For every US$100 that top management in the US earned in base salary, those in Hong Kong made US$128.
But for all the talk that bosses in Hong Kong are paid far more than workers, a new survey by benefits consultants Willis Towers Watson shows that local bosses are paid relatively less than their regional counterparts when measured against entry-level salaries. Over 2016, Hong Kong’s salary gap also rose from 6.2 to 7.5 times, which in itself is quite significant.
However, it pales in comparison to other markets such as Indonesia, which has the the biggest base salary gap in 2016 of 15.8 times with top management earning US$190,000 a year compared to professional-level staff who earn about US$12,000. The differential there widened from 12 times in 2015 and 11.8 times in 2014.
Following close behind Indonesia is Thailand. Top management in Thailand earn about US$202,000 a year, 14.9 times that of professional-level staff (US$13,600), a gap markedly wider than 8.7 times in 2015 – the biggest year-on-year jump in salary gap seen in Asia last year. The gap in Vietnam also stood at 14.9 times in 2016.
Elsewhere in the region, the salary divide in China rose from 9.7 times in 2015 to 10 times in 2016. The change in Singapore was minimal, rising from 6.3 to 6.5 times. Although China saw the gap widen between 2015 and 2016, base salaries for top management and professional-level staff actually grew at similar speeds, by 18% and 16%, respectively.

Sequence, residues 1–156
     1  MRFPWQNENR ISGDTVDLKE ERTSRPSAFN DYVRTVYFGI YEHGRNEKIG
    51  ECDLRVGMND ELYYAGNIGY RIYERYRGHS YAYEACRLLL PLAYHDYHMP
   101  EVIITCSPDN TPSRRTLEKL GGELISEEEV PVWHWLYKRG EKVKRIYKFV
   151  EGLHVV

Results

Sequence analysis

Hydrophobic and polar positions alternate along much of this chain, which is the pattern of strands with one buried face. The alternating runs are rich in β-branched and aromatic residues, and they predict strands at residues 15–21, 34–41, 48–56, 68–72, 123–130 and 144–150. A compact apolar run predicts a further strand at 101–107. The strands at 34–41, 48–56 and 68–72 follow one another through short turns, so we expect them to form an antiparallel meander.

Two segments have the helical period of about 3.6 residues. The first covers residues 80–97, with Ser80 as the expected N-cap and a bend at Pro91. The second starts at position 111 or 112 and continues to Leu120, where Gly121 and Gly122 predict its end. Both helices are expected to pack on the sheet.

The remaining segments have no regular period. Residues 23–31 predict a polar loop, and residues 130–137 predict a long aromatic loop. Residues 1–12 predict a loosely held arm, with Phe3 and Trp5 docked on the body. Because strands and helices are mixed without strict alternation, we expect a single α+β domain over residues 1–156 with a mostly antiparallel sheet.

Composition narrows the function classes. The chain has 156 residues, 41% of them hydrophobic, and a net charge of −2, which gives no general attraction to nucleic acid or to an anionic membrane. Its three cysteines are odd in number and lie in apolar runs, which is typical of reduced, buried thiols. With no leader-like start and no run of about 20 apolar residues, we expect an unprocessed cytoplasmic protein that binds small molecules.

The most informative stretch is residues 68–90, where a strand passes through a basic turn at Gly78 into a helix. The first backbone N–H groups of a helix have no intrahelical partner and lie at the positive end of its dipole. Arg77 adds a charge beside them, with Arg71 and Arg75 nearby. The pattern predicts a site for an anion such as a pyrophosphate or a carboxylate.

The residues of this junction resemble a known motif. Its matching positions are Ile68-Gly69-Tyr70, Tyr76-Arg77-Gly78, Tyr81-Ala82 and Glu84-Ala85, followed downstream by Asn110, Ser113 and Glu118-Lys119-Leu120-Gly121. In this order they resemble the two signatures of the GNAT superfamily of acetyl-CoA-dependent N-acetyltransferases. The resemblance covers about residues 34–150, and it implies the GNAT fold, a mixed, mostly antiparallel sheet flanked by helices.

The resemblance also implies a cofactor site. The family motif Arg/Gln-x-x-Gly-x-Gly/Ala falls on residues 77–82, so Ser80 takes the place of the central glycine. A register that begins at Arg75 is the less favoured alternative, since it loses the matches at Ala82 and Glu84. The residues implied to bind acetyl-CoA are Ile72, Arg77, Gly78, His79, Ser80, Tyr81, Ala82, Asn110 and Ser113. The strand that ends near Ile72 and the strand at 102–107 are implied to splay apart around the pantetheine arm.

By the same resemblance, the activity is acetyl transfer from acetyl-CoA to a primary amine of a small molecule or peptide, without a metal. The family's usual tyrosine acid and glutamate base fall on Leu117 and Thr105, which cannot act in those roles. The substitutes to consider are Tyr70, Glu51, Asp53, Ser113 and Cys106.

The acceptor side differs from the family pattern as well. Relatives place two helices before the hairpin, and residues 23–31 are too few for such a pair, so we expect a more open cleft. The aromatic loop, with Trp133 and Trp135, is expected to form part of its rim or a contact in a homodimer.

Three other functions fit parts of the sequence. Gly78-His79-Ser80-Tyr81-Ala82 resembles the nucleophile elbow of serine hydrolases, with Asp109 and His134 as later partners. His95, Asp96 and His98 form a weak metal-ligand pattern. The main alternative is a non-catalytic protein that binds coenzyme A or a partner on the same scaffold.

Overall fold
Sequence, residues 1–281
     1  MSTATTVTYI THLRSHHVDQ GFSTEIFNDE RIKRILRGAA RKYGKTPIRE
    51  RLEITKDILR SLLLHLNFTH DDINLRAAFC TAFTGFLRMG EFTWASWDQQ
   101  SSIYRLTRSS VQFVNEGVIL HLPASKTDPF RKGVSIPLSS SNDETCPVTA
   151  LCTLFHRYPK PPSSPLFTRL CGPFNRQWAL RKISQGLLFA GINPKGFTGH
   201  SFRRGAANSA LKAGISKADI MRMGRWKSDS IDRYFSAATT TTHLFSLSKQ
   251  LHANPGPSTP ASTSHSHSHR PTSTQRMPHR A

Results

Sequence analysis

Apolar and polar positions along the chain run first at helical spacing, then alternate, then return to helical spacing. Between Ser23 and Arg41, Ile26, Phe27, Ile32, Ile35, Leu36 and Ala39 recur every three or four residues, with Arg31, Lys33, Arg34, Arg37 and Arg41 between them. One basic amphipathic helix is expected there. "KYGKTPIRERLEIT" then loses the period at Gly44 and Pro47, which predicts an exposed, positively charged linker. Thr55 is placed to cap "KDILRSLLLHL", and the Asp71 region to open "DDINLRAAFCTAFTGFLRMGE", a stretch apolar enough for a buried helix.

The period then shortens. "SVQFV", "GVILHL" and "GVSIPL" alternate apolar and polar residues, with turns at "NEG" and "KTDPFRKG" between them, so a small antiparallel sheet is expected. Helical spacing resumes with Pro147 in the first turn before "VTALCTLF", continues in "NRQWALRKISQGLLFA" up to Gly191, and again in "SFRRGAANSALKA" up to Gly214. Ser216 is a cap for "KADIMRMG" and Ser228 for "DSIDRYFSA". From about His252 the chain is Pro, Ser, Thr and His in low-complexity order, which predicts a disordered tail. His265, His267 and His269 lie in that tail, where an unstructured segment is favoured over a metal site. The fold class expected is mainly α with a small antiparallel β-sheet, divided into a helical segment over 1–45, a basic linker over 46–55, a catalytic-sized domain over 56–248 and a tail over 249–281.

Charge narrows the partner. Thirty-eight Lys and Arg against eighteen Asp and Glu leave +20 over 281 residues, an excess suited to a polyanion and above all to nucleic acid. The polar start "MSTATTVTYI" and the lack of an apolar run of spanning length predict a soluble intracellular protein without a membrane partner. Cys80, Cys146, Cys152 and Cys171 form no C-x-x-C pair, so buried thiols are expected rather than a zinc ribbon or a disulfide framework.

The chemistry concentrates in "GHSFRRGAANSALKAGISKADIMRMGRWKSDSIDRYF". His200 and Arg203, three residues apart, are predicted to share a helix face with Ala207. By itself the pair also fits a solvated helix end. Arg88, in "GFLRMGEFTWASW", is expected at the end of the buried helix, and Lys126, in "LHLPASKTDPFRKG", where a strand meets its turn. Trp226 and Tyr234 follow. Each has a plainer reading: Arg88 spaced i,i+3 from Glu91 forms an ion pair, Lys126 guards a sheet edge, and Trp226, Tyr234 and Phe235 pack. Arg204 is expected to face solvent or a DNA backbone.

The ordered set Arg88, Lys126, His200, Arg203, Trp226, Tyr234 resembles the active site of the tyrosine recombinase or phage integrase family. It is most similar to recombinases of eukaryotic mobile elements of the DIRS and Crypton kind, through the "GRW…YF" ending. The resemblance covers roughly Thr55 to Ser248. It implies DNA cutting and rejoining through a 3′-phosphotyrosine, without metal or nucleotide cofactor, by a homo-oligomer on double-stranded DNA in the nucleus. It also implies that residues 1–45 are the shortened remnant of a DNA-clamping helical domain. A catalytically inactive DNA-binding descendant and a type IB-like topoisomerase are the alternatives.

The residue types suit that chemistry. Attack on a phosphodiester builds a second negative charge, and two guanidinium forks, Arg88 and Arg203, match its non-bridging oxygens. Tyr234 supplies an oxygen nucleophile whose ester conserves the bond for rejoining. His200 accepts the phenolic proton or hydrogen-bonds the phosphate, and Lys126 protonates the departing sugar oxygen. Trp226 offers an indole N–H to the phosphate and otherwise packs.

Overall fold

Despite calls from some quarters to reign in executive pay, Asia is in fact leading the way in pay discrepancies between top management and line executives. Top executive base salaries in Asia overtake those in the US, but junior levels lag far behind. In Hong Kong and Singapore, total guaranteed cash salaries (base salaries plus total fixed allowances) last year were more than 25% higher than the average US$233,000 earned in the US.
In 2016, for every US$100 that top management in the US earned in base salary, their peers in Singapore and Hong Kong made US$132 and US$128, respectively. On the same basis, top management in China (US$98), Thailand (US$87), Indonesia (US$82), and South Korea (US$82) also earned similar total guaranteed cash to their counterparts in the US. Many top executives in the US, however, receive various incentives.
Understandably, whilst top executives in many Asian markets earned salaries close to or above those in the US, at lower levels in the corporate hierarchy was a different story. Amongst the above markets, for every US$100 that professional-level staff earned in the US, their peers in China (US$35), Thailand (US$21), and Indonesia (US$18) made just a fraction. Noteworthy too is in India, where the figure was just US$15. Meanwhile, the difference was less pronounced in Japan (US$70) and South Korea (US$63), but still very discernible.
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